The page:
Growth #BAD09

There is one graph that the world loves to see. It’s the graph of growth. It means we are doing well and making progress.

A growth graph photographed on a computer screen

I’m sitting at my desk looking at a magazine spread full of graphs. All these graphs follow a trend of low to high – ie the line keeps moving upwards. Think about life, it’s full of climbing graphs:

  • Life expectancy — people are living longer, diagnosis and treatment of disease has improved
  • Temperature — warmer temperatures should lead to more vitamin D!
  • Wealth — we’re all getting richer which means we have the money available to consume more — holidays, food, property, clothing, cars, gadgets, fuel
  • Population — we find strength in numbers
  • Profits — more sales, more money, more staff, more offices, more investment, bigger bonuses, higher salary

If everything is on the up, this can only be a good thing, right?

The problem with this trend is that it’s not sustainable. What goes up must come down. By striving to be always on the up, we are setting ourselves up for an inevitable down. There will be a point where this line starts falling again.

Take population growth as an example. In the early stages of humans ‘arriving’ on earth, the best way to ensure survival was in numbers. In the early stages, humans were just a tiny spec on the planet. We dug wells, harvested small areas of vegetation, channelled rivers, dug mines and used the resources around us to build shelter. The more we reproduced, the more resources we needed to sustain ourselves. We started to turn meadows into fields to grow food. We chopped down areas of forest and mined raw materials to build homes. Over time, fields have been concreted over to build airports, housing and cities. And here we sit at the crest of a peak!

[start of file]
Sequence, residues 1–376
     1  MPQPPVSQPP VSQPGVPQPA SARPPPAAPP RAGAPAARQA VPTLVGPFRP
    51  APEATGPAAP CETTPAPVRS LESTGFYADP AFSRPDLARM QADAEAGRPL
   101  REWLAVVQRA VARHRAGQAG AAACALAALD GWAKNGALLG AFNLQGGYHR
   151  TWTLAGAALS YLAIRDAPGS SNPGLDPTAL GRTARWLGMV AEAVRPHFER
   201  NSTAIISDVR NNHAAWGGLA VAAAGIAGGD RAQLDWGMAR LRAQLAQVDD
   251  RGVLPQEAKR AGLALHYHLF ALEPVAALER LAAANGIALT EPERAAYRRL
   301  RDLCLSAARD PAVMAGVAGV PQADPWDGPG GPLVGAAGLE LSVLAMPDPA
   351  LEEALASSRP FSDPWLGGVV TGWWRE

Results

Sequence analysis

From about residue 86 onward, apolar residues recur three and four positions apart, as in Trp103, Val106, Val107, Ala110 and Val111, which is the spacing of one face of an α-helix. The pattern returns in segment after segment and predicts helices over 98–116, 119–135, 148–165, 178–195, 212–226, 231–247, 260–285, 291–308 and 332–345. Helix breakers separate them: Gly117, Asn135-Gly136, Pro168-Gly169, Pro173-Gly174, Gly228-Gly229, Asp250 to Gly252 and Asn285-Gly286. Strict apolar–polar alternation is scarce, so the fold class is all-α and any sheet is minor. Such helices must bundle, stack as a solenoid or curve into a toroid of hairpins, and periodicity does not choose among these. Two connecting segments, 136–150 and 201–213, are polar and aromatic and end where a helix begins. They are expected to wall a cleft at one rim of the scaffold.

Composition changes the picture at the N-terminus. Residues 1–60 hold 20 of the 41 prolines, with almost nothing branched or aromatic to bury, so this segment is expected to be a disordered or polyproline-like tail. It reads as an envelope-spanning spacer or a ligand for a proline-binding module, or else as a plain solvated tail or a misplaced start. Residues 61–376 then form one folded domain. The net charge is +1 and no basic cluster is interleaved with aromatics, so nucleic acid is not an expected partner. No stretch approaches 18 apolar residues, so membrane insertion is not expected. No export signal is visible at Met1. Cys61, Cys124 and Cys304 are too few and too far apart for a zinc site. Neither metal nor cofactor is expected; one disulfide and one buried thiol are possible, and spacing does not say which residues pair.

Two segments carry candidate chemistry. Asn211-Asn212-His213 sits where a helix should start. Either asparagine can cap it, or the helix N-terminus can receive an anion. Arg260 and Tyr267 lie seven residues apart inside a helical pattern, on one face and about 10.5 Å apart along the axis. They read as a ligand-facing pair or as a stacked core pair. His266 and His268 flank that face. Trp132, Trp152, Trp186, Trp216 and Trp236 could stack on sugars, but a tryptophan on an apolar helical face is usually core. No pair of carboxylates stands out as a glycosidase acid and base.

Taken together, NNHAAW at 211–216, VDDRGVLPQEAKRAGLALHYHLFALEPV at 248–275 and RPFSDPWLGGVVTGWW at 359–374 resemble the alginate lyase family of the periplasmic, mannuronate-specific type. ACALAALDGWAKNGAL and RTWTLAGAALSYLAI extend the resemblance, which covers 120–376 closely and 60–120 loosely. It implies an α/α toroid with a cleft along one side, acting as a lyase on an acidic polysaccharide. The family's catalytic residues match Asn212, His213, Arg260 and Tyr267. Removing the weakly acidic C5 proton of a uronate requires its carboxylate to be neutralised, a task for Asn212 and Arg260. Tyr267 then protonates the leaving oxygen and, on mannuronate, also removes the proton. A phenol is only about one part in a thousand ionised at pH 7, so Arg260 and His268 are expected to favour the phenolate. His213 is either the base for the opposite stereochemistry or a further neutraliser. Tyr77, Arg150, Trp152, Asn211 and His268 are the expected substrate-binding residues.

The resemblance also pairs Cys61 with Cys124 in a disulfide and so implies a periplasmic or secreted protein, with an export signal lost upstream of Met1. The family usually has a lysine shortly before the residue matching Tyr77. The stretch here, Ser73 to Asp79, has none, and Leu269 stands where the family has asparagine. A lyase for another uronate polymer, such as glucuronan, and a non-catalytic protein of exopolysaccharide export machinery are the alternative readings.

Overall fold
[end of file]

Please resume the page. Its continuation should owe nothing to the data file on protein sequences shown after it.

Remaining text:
If we continue at our current rate of consumption, we are going to run out of land suitable for farming, land for building houses and vegetation to soak up carbon dioxide. But the problem is we can’t put any more ‘in’ and as a result we can’t get any more ‘out’.

So what should sustainability look like?

A straight line.

Why not a circle?

A circle in theory is the perfect image of sustainability. But, a circle assumes we can start again from the beginning. When we draw a circle, we are connecting one point to another, the end to the beginning. A straight line has a beginning and has the capacity to continue forever. In order for the line to stay straight, we must put in what we take out — this is truly sustainable.